KUALA LUMPUR: Malaysia’s labour productivity level in 2016 outperformed several of its peers in the region, such as China and Indonesia, but it still has a long way to go before nearing productivity levels of developed economies.
According to Malaysia Productivity Corp (MPC), in US dollar terms, Malaysia’s productivity per person employed stood at US$21,564 in 2016, beating Asian economies such as Thailand (US$10,398), China (US$14,030), Indonesia (US$7,507) and the Philippines (US$7,536).
“We can be proud that the absolute level of productivity is higher than that of many Asian countries,” said International Trade and Industry Minister Datuk Seri Mustapa Mohamed.
In terms of productivity growth, however, Malaysia’s 3.5% growth was behind China (6.6%), Indonesia (4.6%) and the Philippines (4.4%).
MPC said the growth in Indonesia and the Philippines was despite a slowdown in global exports, indicating that the strengthening of their domestic sectors had a positive effect on labour productivity.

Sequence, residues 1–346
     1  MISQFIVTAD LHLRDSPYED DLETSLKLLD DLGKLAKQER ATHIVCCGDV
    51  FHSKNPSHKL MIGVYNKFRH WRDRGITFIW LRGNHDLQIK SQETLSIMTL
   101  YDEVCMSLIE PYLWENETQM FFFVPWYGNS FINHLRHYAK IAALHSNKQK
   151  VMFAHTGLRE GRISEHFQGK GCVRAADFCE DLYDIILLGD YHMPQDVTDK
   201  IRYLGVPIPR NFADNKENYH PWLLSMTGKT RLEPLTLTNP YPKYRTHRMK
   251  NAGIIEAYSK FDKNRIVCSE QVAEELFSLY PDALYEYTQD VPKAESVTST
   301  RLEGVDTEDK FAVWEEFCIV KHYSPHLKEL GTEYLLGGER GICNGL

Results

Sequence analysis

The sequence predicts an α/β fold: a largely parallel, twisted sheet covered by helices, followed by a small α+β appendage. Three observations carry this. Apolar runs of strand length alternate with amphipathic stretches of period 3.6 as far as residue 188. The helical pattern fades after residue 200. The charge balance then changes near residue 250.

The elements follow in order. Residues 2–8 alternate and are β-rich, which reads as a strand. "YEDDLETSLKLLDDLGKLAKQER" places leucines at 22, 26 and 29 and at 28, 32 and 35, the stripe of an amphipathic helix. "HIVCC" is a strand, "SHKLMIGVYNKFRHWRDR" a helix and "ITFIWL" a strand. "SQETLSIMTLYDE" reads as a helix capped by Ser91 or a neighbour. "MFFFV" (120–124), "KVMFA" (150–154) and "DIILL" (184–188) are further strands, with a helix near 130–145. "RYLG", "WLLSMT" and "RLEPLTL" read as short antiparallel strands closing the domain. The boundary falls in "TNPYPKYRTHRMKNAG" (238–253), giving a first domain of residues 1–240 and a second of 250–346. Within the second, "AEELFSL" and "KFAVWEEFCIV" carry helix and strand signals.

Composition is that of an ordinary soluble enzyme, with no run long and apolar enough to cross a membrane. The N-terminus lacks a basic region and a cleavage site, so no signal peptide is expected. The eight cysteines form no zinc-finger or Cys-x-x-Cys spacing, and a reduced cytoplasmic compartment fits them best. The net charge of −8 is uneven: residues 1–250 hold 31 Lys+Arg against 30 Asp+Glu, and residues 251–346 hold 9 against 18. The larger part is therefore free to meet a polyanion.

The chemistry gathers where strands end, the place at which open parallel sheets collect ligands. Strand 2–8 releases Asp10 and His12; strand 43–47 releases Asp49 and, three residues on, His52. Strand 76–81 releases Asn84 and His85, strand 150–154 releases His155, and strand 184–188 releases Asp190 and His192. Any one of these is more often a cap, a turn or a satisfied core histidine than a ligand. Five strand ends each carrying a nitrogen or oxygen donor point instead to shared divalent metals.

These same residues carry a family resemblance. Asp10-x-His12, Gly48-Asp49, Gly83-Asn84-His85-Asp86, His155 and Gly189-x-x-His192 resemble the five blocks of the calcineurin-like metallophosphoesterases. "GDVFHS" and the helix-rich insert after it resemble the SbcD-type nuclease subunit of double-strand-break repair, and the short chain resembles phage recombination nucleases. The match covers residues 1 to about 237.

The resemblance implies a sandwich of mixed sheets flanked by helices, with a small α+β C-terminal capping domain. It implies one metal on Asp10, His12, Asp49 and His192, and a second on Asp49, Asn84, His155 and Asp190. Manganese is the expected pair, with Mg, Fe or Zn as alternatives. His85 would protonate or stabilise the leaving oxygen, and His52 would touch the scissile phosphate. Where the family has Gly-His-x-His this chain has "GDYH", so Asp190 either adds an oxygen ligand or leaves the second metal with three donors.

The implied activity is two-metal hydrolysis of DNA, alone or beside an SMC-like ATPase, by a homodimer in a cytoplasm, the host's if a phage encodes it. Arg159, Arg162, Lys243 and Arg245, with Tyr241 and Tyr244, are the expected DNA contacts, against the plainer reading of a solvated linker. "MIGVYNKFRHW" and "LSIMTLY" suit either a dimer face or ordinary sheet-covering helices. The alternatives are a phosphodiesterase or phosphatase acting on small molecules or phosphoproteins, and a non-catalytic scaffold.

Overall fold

Meanwhile, Mustapa said, these countries started off from a low base, which translated into higher growth rates.
“We are not making excuses or trying to be defensive, although we did have a higher base. Either way, we are committed to ensuring that Malaysia achieves [a] 3.7% average growth in productivity during the five-year period under the 11th Malaysia Plan (11MP),” he said.
While Malaysia’s progress so far in lifting productivity is commendable, seeing as it is steadily approaching the 3.7% target and has so far achieved 84% of the 11MP’s targeted productivity level of RM92,300, the country is nowhere near productivity levels of developed countries.
Malaysia’s productivity level of US$21,564 in 2016 paled in comparison with Asian neighbours like Singapore, Japan and South Korea, which recorded productivity levels of US$80,065, US$64,644 and US$53,126 respectively.
On the other hand, productivity levels of advanced nations like the US and Australia were more than five times of Malaysia’s at US$120,584 and US$102,746 respectively.
However, these advanced economies recorded low productivity growth rates, with South Korea registering a growth of 1.3%, followed by Singapore (1.1%), the US (0.7%) and Japan (0.03%). Australia recorded a negative productivity growth of 0.5%.